BRAF-MEK Inhibitor Combo Extends Survival in BRAF-Mutant Melanoma


The combination of encorafenib and binimetinib resulted in longer overall survival compared with vemurafenib in patients with BRAF V600–mutant melanoma.

The combination of encorafenib and binimetinib resulted in longer overall survival (OS) compared with vemurafenib in patients with BRAF V600–mutant melanoma, according to results of the COLUMBUS trial. Combined with an earlier report showing improved progression-free survival (PFS), this suggests the regimen should become an important option in this setting.

Small-molecule BRAF inhibitors, originally introduced as monotherapy, offered improvements in outcomes for these melanoma patients. “However, response durations were short and BRAF inhibitor treatment was associated with the development of squamous cell skin cancer and other skin toxicities related to paradoxical MAPK pathway activation,” wrote study authors led by Reinhard Dummer, MD, of University Hospital Zurich in Switzerland. Combinations of BRAF and MEK inhibition have improved the situation further, but better treatment options are still needed.

Previously, the COLUMBUS trial found that the BRAF inhibitor encorafenib plus the MEK inhibitor binimetinib can improve PFS over vemurafenib. In the new report, the OS results confirmed the benefit. The results were published in Lancet Oncology.

The trial had three arms, including patients receiving encorafenib plus binimetinib (192 patients), encorafenib alone (194 patients), or vemurafenib alone (191 patients). All patients had locally advanced, unresectable, or metastatic cutaneous melanoma with a BRAF V600 mutation.

After a median follow-up of 36.8 months, the median OS was 33.6 months in the combination group, 23.5 months with encorafenib monotherapy, and 16.9 months in the vemurafenib group. Compared with the vemurafenib group, the encorafenib plus binimetinib group had significantly longer OS, with a hazard ratio (HR) of 0.61 (95% CI, 0.47–0.79; P < .0001). OS did not differ significantly between the combination group and the encorafenib monotherapy group, with an HR of 0.81 (95% CI, 0.61–1.06; P = .12). OS was better with encorafenib alone than with vemurafenib, with an HR of 0.76 (95% CI, 0.58–0.98; P = .033).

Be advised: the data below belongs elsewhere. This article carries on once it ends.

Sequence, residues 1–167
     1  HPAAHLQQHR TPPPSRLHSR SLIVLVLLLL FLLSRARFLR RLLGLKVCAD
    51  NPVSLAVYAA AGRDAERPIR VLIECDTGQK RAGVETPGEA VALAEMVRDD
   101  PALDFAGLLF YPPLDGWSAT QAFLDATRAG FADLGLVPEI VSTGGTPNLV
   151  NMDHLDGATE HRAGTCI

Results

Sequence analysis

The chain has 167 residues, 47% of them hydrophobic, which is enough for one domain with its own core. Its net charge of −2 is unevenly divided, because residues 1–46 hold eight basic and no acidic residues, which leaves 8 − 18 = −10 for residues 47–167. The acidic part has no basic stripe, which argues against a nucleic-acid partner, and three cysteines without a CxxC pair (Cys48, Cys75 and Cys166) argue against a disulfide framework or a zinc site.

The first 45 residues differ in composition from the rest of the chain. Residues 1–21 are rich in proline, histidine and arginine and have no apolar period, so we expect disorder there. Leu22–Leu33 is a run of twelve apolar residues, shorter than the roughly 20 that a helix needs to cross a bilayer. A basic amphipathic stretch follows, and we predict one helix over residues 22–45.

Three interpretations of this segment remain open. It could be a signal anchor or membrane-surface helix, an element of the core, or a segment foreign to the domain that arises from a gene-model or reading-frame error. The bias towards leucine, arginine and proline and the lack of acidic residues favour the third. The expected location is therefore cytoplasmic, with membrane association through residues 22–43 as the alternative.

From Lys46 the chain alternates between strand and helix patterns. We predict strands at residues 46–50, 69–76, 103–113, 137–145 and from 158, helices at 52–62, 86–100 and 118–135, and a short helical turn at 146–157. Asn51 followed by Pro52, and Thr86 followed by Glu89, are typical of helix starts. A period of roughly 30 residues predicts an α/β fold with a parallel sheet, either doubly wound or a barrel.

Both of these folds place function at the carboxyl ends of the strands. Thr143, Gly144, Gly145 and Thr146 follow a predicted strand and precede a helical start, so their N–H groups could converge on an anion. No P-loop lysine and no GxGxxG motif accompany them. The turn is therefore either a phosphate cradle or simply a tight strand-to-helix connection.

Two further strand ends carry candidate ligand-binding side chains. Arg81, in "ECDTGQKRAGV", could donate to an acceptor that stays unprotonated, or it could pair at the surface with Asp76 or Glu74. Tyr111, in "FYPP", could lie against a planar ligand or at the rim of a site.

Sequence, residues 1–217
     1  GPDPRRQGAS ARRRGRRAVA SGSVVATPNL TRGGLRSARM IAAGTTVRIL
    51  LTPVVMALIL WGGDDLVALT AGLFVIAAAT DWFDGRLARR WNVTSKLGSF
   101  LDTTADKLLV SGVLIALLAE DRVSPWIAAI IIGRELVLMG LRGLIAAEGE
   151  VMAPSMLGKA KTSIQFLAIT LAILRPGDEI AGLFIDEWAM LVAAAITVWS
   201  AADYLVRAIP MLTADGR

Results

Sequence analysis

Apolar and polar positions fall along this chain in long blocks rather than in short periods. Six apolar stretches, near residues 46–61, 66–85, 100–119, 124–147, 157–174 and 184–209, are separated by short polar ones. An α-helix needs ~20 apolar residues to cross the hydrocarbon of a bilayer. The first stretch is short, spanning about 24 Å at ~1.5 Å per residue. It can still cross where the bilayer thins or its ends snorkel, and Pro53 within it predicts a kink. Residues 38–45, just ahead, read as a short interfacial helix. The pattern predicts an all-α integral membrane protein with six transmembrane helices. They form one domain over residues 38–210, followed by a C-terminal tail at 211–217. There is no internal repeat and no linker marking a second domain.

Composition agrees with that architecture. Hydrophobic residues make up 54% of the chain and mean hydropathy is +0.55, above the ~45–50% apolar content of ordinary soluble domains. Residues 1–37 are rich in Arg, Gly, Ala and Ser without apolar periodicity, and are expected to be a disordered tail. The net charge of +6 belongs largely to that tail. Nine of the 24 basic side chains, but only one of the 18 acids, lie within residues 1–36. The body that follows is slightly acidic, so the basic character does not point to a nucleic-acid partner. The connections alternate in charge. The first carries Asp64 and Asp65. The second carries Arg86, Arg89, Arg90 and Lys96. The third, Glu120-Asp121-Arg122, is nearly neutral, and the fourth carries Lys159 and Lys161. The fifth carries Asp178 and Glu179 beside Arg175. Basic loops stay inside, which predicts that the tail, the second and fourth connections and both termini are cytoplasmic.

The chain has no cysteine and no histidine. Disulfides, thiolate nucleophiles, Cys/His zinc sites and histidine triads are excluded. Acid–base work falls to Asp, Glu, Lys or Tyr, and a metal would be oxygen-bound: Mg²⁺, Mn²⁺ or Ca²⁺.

At 1 year, the OS rate was 75.5% with the combination therapy, 74.6% with encorafenib alone, and 63.1% with vemurafenib. At 2 years, those rates were 57.6%, 49.1%, and 43.2%, respectively.

A total of 29 patients (15%) in the combination group required study drug discontinuations due to adverse events, compared with 15% in the encorafenib monotherapy group and 17% in the vemurafenib group. Adverse events leading to dose adjustments were reported in 54%, 71%, and 62% of the 3 groups, respectively.

“These data provide a new benchmark against which new BRAF-MEK inhibitor therapies for BRAF-mutant melanoma can be measured,” the authors concluded. “Together with a favorable tolerability profile, encorafenib plus binimetinib could become an important new treatment option for patients with BRAF-mutant melanoma.”

In an accompanying editorial, Juan Martin-Liberal, MD, PhD, of the Institut Catala d’Oncologia in Barcelona, called the existence of three BRAF-MEK inhibitor combinations an “embarrassment of riches” in this setting. There is a chance, he wrote, that the subtle differences in the various trials of these combinations suggest little or no difference in efficacy, and that physicians and patients could thus select a regimen based on toxicity and reimbursement issues.

“The outcomes observed with encorafenib plus binimetinib provide good news for patients with advanced BRAF-mutant melanoma, but there is probably no need for additional novel BRAF-MEK inhibitor combinations,” wrote Martin-Liberal. Instead, future study in this setting should focus on sequencing of therapies, or defining the optimal duration of treatment.

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